Federal prosecutors in San Francisco announced today that United Parcel Service Inc. has agreed to forfeit $40 million to settle a probe of its deliveries of drugs from illegal online pharmacies. U.S. Attorney Melinda Haag said the $40 million represents payments that Atlanta-based UPS received for delivering packages for the companies between 2003 and 2010. The settlement was finalized in a non-prosecution agreement signed today by Haag and a lawyer for UPS. In the pact, prosecutors agreed not to file charges against UPS and the delivery company agreed to forfeit the $40 million and implement a compliance program. Haag said the company was on notice, through some of its employees, from 2003 to 2010 that some Internet pharmacies were using the company’s services to ship controlled substances and prescription drugs illegally.
Internet pharmacies operate illegally when they sell drugs not supported by a valid prescription, Haag said. A prescription based solely on a customer’s completion of an online questionnaire is not valid, she said. U.S. Food and Drug Administration criminal investigations director John Roth said illegally shipped drugs hurt consumers because such drugs could be unapproved, counterfeit or otherwise unsafe. Haag said UPS has cooperated with the investigation and has already taken steps to stop illegal shipments. “We are pleased with the steps UPS has taken to stop the use of its shipping services by illegal online pharmacies,” Haag said in a statement.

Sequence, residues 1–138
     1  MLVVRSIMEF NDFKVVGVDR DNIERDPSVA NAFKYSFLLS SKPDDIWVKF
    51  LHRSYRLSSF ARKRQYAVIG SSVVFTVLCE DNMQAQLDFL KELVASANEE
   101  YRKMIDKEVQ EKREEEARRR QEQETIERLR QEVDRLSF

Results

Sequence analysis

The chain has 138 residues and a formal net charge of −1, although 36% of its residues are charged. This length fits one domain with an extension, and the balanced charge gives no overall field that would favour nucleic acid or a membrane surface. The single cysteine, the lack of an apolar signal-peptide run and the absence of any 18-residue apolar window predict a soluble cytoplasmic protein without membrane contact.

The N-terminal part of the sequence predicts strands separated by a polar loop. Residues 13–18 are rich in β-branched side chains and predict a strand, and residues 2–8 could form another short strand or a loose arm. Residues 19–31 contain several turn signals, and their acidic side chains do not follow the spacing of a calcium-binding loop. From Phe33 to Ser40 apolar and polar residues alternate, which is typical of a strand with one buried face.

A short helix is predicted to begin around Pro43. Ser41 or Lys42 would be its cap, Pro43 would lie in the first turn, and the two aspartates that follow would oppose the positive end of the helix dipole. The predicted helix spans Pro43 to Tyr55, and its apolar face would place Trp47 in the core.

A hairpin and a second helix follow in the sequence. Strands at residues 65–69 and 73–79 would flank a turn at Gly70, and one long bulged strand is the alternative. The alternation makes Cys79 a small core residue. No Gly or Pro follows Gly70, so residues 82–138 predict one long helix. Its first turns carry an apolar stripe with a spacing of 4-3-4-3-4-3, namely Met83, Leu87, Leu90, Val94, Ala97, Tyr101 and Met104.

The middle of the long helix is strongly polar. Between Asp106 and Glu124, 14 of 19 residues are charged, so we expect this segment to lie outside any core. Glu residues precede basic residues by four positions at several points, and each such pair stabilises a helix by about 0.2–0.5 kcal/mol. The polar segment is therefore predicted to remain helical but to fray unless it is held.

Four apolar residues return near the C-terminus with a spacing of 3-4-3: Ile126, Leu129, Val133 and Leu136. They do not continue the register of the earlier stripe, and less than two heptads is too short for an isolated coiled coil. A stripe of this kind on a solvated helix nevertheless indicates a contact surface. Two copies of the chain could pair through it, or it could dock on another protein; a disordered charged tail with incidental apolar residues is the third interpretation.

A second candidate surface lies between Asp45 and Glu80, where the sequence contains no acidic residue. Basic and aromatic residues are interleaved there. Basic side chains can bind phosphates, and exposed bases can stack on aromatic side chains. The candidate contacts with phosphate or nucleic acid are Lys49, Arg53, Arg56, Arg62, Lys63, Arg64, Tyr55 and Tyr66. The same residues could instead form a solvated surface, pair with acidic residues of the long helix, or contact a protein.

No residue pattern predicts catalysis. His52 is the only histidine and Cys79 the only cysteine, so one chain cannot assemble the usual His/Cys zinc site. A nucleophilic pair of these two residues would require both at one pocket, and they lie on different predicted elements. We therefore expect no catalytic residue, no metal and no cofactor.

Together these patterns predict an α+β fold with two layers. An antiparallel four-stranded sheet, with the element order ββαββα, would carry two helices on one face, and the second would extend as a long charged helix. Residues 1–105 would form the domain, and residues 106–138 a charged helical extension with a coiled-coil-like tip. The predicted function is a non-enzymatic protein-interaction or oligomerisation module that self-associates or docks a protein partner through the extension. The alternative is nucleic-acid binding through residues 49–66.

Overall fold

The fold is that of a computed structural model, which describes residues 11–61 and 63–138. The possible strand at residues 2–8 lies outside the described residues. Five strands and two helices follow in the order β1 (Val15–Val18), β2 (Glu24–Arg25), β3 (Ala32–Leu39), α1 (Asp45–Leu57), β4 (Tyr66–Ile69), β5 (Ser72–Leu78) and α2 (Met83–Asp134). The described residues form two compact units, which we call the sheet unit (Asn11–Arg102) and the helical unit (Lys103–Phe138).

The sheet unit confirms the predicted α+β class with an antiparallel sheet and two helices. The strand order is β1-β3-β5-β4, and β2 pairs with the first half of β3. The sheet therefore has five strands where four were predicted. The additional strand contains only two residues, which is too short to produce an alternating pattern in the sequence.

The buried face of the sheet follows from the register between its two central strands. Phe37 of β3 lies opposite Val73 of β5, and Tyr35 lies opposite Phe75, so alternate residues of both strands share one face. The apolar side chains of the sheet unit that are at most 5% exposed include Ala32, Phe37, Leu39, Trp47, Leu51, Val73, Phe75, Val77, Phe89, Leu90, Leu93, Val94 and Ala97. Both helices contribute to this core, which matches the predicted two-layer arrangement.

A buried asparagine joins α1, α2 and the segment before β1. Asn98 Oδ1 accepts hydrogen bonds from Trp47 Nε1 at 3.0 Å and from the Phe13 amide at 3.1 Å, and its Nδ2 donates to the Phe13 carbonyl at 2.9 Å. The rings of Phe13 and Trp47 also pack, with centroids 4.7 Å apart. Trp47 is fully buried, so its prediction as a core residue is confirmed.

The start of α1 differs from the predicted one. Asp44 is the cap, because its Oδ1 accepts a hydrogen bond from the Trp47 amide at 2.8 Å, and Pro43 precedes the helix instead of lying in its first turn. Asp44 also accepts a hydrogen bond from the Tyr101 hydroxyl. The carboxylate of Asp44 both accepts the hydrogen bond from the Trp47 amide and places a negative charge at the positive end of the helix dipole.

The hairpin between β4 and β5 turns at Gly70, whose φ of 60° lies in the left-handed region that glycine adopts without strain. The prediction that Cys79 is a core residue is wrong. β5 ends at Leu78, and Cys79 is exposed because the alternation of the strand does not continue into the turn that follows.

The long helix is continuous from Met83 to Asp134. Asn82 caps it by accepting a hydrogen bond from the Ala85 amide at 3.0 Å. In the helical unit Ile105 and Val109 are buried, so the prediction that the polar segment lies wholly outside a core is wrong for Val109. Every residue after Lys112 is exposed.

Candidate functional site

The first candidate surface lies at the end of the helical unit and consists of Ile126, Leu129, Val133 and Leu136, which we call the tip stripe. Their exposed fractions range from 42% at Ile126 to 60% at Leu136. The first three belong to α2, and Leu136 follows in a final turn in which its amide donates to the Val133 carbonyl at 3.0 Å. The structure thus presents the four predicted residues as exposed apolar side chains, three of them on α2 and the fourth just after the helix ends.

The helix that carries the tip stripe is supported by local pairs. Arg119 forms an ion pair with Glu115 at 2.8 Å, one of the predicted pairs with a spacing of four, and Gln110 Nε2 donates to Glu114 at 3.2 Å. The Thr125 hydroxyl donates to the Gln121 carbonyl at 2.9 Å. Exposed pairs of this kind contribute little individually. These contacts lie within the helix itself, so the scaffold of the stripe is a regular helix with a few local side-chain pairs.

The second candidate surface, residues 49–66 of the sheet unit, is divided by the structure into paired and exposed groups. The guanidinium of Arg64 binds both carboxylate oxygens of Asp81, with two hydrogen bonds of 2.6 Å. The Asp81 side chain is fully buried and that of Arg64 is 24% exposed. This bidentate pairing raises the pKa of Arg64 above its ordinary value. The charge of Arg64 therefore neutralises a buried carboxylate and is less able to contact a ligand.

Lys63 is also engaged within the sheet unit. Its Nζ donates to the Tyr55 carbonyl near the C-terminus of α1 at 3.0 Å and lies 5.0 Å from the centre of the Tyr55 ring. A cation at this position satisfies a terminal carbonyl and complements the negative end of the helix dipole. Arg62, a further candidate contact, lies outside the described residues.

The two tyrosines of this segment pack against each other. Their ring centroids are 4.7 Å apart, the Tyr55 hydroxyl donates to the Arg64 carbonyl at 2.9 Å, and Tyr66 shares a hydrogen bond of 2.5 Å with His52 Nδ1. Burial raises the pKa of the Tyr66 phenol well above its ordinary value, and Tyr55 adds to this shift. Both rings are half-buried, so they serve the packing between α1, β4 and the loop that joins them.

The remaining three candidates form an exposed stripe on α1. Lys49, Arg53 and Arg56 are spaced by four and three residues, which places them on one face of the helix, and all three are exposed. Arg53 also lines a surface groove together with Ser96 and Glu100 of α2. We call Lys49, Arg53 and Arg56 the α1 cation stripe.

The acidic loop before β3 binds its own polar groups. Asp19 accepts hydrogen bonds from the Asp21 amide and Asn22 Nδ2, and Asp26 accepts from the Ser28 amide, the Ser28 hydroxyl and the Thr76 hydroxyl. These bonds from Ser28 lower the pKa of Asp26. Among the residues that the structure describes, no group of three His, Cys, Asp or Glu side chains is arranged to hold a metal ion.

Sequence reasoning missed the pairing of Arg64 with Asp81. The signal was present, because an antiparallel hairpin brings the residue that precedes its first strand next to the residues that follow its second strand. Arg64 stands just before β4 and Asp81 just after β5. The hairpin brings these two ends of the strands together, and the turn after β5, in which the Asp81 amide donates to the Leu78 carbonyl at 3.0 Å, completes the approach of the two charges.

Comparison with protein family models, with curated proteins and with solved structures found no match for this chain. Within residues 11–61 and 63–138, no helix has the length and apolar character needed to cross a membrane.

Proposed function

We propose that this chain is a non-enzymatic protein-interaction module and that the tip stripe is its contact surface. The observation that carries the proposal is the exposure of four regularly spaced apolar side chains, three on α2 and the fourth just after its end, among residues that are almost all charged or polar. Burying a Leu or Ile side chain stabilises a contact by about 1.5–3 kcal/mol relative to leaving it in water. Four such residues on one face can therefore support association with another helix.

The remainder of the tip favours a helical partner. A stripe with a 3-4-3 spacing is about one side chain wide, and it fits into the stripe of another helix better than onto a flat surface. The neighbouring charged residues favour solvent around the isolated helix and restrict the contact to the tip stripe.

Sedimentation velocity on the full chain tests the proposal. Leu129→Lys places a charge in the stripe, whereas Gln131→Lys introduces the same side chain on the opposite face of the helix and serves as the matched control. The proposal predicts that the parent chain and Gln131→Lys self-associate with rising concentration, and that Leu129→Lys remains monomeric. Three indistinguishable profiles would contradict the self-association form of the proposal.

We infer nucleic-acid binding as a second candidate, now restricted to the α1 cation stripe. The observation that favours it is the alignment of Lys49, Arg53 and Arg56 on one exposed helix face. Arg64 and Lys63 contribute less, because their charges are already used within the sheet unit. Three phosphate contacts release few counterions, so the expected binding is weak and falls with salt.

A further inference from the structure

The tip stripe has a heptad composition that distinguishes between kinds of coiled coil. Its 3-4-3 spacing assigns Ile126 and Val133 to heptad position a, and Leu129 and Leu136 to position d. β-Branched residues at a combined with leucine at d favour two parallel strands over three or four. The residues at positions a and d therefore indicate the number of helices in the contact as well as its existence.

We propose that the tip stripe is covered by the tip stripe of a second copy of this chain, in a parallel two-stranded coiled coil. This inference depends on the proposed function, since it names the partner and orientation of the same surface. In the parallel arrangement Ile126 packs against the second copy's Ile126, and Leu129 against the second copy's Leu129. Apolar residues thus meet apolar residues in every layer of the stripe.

“We are hopeful that the leadership displayed by UPS through this compliance program will set the standard for the parcel delivery industry, she said. UPS spokeswoman Susan Rosenberg said, “UPS believes we have an obligation and responsibility to help curb the sale and shipment of drugs sold through illegal Internet pharmacies. “We’ve been cooperating with the Department of Justice for several years now and believe we have resolved the investigation,” she said. UPS is the world’s largest package delivery company, Rosenberg said. The settlement includes an eight-page “Agreed Statement of Facts” acknowledged by both prosecutors and UPS.
Among other facts, the statement says that despite being on notice that illegally operating Internet pharmacies were using its services, “UPS did not implement procedures to close the accounts of those pharmacies, permitting them to ship controlled substances and prescription drugs from 2003 to 2010.” The $40 million payment is due by April 5, the agreement says. U.S. Attorney’s Office spokesman Joshua Eaton said the money will go to the U.S. Justice Department’s Assets Forfeiture Fund. The fund is used to pay for the costs of forfeitures and for general investigation expenses, according to the department’s website.
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